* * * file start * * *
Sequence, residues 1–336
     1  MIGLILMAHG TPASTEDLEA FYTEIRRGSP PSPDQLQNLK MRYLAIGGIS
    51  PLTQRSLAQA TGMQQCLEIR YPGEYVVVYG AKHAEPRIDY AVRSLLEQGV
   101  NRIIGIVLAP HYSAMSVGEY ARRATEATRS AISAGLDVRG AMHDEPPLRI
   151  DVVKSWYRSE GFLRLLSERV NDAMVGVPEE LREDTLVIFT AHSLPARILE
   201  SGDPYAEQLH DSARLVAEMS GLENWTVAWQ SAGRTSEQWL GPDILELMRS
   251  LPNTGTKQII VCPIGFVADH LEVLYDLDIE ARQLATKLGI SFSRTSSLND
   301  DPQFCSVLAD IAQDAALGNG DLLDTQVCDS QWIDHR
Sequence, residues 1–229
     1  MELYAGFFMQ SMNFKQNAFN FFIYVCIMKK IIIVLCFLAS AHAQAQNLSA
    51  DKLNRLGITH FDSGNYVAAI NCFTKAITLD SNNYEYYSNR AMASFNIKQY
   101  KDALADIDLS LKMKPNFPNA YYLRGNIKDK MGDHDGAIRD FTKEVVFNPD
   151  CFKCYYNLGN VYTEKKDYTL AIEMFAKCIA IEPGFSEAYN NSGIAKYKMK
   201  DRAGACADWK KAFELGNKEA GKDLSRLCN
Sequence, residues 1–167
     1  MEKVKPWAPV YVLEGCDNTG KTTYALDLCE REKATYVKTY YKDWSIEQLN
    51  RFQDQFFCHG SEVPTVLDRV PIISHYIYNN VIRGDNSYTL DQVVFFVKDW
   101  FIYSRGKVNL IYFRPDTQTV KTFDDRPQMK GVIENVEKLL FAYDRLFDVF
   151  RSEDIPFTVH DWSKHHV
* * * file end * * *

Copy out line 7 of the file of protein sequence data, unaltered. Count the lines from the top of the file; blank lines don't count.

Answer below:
   251  LPNTGTKQII VCPIGFVADH LEVLYDLDIE ARQLATKLGI SFSRTSSLND